This is lighter than the M240L, the lightest version of the US military’s M240 family of medium machine guns. Depending on the variant, the M240 family weigh just over 22 pounds, up to nearly 28 pounds.

While relatively light, the M20L is at the upper limit of what is considered man-portable when factoring in ammunition, bipod, sights, and other accessories. Additionally, the M240 family is chambered in the 7.62×51 NATO round, which has roughly half the range of the .338 Norma Magnum.

Harder, Better, Faster, Stronger: .338 Norma Magnum

The .338 Norma Magnum round is quite new by ammunition standards. It was developed in 2008-2009 in Sweden and the United States as a more compact, long-range sporting cartridge, for applications where the longer .338 Lapua Magnum cartage would be unsuitable. A machine gun chambered in .338 Norma Magnum would be a radical departure for a round that has been primarily been used as a long-distance precision sniper round.

Building a machine gun platform around the .338 Norma Magnum round is intended to increase the effective range of infantryman from around 800-1,100 meters (875-1,200 yards) with the M240, to reportedly around about 1,700-1,800 meters, and perhaps as far as 1,900-2,000 meters, effectively increasing range by more than double, even while managing to slightly reduce weight.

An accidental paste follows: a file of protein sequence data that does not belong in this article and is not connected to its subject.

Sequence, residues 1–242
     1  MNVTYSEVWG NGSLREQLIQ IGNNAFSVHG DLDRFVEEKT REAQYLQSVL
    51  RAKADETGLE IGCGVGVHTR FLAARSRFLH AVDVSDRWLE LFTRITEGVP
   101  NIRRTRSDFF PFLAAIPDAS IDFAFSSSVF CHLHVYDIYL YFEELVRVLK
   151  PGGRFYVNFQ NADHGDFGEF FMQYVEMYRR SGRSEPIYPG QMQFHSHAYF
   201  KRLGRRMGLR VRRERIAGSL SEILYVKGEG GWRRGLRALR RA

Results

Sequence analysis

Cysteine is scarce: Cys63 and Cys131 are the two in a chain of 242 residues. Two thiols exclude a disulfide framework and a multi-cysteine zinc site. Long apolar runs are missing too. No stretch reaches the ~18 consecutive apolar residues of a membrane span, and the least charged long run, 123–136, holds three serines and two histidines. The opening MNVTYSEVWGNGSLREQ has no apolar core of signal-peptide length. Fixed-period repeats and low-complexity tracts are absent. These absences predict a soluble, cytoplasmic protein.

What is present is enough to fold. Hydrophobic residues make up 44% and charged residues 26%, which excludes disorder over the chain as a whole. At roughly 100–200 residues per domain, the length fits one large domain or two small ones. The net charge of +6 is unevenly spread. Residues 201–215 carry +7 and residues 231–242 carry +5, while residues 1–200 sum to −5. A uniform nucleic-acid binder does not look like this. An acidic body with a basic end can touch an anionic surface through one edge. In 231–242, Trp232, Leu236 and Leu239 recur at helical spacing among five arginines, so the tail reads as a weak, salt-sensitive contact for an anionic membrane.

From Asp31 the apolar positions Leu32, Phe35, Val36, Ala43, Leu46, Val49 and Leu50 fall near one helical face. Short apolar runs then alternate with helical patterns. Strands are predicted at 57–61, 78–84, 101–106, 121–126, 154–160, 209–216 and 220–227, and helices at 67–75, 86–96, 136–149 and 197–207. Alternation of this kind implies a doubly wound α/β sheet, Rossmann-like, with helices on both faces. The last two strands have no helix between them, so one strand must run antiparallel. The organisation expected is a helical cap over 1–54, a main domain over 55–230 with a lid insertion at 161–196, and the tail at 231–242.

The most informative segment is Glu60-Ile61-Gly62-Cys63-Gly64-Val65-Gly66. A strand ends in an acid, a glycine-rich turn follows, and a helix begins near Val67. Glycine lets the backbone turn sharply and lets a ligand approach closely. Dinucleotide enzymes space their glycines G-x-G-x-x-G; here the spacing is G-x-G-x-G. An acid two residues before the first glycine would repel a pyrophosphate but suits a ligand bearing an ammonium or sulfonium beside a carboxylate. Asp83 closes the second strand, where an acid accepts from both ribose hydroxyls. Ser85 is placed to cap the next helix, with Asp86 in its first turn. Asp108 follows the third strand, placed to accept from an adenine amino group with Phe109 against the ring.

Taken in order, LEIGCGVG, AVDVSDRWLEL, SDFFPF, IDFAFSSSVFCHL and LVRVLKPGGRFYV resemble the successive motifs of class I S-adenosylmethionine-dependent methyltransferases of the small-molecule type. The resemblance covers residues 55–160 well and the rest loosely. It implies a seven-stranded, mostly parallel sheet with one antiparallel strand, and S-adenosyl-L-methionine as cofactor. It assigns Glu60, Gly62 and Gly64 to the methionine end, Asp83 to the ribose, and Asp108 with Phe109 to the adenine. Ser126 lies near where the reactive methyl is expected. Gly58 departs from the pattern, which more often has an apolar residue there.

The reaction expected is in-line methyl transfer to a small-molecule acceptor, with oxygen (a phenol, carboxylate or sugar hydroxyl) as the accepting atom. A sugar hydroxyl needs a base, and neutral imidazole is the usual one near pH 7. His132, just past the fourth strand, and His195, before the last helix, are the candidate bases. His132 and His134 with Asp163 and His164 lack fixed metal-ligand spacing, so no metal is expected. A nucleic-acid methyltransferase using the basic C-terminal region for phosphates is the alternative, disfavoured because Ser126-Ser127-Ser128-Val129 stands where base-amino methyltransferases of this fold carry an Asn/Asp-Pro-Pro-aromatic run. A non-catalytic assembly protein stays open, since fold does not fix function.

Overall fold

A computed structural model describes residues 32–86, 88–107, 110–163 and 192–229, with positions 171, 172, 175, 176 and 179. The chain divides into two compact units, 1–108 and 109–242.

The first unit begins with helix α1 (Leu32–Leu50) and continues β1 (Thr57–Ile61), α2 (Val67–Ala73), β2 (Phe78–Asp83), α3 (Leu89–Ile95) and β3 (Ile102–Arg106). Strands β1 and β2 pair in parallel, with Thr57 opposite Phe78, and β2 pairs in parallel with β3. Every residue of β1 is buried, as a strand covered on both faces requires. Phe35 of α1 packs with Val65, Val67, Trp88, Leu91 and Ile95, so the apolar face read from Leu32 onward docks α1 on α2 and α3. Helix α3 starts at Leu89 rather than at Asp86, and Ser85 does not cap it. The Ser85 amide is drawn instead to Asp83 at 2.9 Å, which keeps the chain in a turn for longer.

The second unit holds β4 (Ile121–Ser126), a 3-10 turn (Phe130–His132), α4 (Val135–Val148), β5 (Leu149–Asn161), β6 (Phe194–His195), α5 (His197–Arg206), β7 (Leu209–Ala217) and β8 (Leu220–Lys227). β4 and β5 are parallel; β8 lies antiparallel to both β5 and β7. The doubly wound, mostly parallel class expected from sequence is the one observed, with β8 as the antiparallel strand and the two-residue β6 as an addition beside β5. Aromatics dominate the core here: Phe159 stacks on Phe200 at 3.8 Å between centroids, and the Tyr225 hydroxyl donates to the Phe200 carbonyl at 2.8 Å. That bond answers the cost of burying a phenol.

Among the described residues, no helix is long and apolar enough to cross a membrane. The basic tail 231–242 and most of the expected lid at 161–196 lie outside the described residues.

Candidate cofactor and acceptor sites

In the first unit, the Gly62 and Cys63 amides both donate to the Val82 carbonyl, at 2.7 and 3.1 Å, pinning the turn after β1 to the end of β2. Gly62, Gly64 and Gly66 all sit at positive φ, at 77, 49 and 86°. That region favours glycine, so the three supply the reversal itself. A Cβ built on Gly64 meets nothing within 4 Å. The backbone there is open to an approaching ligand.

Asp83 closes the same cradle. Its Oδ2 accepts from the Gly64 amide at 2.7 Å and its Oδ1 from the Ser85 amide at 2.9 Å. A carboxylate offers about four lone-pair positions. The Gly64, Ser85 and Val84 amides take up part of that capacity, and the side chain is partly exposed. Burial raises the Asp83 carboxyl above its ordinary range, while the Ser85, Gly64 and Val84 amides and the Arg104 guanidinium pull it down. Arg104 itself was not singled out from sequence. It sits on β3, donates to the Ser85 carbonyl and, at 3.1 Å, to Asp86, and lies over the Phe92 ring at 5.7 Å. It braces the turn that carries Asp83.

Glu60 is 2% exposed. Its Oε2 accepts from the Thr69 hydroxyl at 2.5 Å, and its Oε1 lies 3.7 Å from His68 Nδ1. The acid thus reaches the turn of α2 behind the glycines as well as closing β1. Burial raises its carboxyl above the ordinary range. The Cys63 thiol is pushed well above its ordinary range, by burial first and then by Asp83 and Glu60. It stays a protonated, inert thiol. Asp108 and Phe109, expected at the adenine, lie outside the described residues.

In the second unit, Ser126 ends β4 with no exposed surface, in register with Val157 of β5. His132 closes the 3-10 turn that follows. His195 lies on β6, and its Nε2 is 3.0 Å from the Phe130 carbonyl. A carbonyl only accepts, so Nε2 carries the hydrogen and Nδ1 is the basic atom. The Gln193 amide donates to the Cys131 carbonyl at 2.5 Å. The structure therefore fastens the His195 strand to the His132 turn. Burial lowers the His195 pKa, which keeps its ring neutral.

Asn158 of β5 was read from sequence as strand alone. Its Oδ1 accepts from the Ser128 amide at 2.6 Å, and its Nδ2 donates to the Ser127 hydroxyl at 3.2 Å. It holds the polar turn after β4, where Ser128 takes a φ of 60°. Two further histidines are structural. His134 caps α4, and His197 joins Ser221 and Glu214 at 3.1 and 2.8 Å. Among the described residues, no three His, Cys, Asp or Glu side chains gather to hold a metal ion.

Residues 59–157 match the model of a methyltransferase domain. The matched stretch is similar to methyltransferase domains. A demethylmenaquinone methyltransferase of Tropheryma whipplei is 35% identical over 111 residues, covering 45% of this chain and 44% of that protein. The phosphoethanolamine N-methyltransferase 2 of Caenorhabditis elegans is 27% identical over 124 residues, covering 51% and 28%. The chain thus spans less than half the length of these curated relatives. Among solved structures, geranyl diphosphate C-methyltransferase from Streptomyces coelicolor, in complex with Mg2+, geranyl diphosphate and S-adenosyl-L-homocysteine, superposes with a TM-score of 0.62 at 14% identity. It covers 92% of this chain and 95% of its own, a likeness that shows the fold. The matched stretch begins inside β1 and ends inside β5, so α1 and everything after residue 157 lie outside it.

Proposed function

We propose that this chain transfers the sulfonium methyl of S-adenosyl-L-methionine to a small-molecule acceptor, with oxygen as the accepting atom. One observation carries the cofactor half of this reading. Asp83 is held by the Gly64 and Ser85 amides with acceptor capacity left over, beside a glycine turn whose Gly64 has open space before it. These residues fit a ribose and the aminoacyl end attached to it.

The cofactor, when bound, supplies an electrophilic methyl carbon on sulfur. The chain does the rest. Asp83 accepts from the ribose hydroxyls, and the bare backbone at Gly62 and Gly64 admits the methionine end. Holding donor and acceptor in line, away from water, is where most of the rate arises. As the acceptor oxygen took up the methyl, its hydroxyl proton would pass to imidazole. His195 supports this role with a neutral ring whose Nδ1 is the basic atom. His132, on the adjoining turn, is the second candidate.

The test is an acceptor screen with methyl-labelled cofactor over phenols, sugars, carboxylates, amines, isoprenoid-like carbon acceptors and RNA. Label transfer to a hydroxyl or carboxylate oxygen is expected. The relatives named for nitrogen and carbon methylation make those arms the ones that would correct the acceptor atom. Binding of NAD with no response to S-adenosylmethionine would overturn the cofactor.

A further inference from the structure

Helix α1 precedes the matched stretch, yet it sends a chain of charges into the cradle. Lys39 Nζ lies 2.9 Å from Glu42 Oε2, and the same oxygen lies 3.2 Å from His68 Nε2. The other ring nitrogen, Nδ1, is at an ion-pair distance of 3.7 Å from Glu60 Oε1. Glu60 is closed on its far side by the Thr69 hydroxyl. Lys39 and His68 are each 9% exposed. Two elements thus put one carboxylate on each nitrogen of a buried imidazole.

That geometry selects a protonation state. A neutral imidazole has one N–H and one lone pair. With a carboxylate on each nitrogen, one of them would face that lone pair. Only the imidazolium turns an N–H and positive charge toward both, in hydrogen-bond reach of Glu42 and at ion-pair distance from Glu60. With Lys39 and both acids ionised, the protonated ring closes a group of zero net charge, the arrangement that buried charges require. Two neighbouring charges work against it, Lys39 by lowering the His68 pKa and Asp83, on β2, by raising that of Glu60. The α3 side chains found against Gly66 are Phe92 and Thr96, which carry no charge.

The MG 338 appears to use a recoil-mitigating system in which the barrel shifts backwards into the rifle platform, similar to the long recoil mitigation on the M2 platform. The moderate rate of fire, at approximately 650 rounds per minute, would theoretically reduce recoil and muzzle climb as well, in order to increase shots on target.

Still, an Instagram video of the MG 338 at the 2020 SHOT Show is revealing. There was a prodigious amount of recoil, despite the mitigation mechanism.

It is possible that despite Sig Sauer’s marketing blitz which shows the MG 338 in the hands of individual soldiers, it may in fact be simply meant as a replacement for mounted weapons instead.

Showing their Age?

Perhaps it is time for an upgrade. The M2 has been in service for nearly 100 years. The M240 family, nearly 50. Both platforms have proven their worth. Still, questions remain.